Thus, my childhood curiosity has been satisfied.  I'll admit that I think of this group discovery most times that I see the suspended third rail, so feel free to call me out on it.  The offer to go to the train museum with me this Saturday is still on the table!  The website is available here.  Thanks for reading, and have a nice day.

Engineering of Food

I am a biomedical engineer so it was difficult for me to notice something related to medical devices, but I have noticed something just as important.  In Madrid, I have noticed all of the different kinds of food.  Food can explain a lot about a culture, including the ways it is prepared and when it is eaten.  Although it is not specifically engineering related, there is a lot of technology in Madrid relating to how food is prepared.  When I was grocery shopping the first day I was here, I noticed that the milk and eggs were not refrigerated in the super market.  To an American, this would seem very odd because milk and eggs are always refrigerated in America in order to ensure that they stay fresh.  However, in Madrid, the milk and eggs stay fresh without needing to be refrigerated and they taste normal.  This must be due to some way the milk and eggs are manufactured or perhaps even genetically altered in order to allow them to not be refrigerated.  Also, a lot of raw meat is consumed around Madrid.  The meat is cured and the technology to due this is found all over Madrid.  The differences in food technology may not be apparent to a native Spaniard, but they are very noticeable to an American who is used to different ways of food being prepared.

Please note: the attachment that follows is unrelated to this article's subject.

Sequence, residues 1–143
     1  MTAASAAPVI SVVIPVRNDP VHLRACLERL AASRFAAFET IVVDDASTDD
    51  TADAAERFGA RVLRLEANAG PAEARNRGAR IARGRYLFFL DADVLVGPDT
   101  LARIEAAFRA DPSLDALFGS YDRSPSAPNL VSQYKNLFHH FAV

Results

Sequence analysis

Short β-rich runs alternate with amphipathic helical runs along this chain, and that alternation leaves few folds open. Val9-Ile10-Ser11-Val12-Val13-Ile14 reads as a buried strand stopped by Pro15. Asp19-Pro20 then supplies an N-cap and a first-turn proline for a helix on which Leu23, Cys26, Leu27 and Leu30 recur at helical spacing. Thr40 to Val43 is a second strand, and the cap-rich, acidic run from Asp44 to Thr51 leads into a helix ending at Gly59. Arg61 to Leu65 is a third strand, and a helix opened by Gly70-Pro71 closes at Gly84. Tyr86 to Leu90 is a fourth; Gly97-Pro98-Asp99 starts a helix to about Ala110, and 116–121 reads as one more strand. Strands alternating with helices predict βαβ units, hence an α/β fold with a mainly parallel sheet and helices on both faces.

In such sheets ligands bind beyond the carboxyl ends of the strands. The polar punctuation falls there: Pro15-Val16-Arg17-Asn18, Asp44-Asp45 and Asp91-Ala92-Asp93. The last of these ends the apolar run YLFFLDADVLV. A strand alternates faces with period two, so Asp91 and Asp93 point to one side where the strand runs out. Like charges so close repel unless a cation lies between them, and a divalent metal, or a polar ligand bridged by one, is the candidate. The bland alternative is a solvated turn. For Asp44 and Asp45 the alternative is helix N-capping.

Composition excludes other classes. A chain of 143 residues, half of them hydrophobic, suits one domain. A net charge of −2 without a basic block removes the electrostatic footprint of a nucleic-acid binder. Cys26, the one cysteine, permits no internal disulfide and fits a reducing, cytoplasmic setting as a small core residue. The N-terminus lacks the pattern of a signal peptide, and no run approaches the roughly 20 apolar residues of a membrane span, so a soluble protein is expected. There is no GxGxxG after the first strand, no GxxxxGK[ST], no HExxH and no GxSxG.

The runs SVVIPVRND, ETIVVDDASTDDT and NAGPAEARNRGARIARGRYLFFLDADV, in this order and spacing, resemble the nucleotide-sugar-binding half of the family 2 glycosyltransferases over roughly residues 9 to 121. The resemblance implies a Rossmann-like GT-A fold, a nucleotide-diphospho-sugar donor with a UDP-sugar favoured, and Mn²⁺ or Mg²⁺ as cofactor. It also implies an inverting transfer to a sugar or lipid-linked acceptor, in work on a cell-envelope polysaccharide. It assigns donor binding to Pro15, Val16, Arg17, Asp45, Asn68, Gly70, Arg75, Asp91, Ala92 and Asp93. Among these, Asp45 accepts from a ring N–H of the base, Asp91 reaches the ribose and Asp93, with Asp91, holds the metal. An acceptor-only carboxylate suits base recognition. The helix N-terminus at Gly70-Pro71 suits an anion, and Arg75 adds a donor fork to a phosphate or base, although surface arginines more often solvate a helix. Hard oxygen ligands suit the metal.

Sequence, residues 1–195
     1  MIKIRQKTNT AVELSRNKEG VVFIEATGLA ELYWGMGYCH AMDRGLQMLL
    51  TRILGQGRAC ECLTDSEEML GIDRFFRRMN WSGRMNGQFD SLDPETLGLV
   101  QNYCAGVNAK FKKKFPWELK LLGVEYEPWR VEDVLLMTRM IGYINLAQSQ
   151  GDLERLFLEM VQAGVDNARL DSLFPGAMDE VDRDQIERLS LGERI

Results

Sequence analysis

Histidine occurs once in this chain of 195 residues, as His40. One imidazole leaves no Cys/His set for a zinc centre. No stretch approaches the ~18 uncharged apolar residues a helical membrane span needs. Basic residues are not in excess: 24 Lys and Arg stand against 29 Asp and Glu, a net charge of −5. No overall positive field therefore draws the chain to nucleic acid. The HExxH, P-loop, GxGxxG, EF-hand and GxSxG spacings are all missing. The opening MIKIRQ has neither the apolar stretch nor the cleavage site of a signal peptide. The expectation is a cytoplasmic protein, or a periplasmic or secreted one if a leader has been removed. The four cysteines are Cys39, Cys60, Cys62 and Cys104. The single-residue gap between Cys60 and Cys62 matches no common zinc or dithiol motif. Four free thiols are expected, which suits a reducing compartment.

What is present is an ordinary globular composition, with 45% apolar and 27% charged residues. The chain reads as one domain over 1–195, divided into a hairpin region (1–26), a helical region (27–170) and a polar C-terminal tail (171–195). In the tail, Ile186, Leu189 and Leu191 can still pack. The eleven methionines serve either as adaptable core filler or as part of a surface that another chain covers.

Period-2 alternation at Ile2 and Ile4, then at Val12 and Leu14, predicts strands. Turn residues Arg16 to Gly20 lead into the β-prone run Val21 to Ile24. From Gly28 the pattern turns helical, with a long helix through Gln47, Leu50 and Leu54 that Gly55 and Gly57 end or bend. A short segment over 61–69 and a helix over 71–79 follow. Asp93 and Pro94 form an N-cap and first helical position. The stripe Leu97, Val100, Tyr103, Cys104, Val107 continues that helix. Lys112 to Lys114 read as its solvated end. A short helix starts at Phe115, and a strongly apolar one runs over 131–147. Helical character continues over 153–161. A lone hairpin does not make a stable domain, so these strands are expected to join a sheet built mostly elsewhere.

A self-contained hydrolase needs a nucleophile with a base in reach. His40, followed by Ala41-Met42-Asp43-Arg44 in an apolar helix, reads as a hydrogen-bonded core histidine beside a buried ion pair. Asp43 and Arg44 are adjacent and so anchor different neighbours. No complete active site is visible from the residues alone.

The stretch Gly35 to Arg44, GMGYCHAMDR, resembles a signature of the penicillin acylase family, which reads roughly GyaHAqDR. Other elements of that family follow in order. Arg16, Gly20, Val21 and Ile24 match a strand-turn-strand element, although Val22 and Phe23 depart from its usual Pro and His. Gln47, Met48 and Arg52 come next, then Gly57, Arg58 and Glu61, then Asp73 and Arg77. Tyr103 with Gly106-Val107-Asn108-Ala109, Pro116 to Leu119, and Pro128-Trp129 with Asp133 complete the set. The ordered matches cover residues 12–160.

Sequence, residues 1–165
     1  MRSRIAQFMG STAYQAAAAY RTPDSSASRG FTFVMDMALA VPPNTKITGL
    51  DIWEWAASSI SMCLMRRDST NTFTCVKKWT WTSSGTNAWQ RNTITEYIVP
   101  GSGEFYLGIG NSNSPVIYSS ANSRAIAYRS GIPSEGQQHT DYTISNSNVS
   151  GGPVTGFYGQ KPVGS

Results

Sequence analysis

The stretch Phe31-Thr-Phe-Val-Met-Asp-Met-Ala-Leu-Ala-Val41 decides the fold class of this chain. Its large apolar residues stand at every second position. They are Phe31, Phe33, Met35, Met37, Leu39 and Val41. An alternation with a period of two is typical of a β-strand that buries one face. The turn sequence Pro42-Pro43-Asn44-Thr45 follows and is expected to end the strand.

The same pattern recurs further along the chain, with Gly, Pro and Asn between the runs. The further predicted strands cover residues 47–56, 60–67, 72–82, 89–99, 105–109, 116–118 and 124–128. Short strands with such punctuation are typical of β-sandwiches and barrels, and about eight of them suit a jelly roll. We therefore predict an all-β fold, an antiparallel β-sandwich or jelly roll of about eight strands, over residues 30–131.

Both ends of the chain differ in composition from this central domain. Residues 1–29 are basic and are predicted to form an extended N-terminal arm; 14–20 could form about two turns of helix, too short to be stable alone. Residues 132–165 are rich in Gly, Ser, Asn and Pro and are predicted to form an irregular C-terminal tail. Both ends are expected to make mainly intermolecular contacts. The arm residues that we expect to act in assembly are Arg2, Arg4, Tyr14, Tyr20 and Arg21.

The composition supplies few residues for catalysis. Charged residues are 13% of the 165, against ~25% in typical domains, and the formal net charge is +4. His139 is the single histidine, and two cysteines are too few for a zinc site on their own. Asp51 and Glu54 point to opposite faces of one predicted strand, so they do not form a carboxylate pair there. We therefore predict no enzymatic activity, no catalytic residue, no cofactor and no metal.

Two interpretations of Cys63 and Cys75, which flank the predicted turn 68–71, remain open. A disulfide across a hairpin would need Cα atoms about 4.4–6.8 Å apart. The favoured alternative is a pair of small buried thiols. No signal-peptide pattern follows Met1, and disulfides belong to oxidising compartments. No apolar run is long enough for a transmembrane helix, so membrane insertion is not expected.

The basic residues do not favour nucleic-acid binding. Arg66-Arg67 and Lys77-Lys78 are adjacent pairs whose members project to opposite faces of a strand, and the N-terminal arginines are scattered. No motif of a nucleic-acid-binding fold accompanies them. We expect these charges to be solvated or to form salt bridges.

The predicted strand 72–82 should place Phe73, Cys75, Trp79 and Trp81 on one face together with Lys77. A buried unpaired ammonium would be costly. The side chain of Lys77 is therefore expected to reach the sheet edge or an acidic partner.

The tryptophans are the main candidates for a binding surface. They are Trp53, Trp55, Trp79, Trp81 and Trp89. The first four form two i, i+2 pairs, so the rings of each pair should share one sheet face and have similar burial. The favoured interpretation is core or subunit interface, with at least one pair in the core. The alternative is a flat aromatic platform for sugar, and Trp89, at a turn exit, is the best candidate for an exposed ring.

Another obvious new technology I noticed are the electrical outlets and how much wattage is used by technological devices in Spain.  Again, this is not obvious to a Spaniard because they live with this technology, but to a traveling American, it becomes apparent due to the need for converters.  I am not an electrical engineer so I am unsure how the technology is different, but it may have something to do with the way electrical outlets are wired, how much energy is put out by the electrical company, or how the technological devices are wired.  However, there is no difference between using a European hair dryer or straightener and an American one despite the major difference in voltage and wattage use.  The electrical technology here is simply different, not necessarily worse or better. 
I have really enjoyed my first week in Madrid, Spain and have enjoyed learning about the differences in food, culture, and technology.

Tuesday, May 8, 2012


Welcome to Writing 340 Madrid!

Here's a blog for posting about observations while you are abroad.  But let us use this top be engineering tourists, making note of differences between cultures.  Describe observations you make about differences in:
  • Technology
  • Systems
  • Cultural use of technology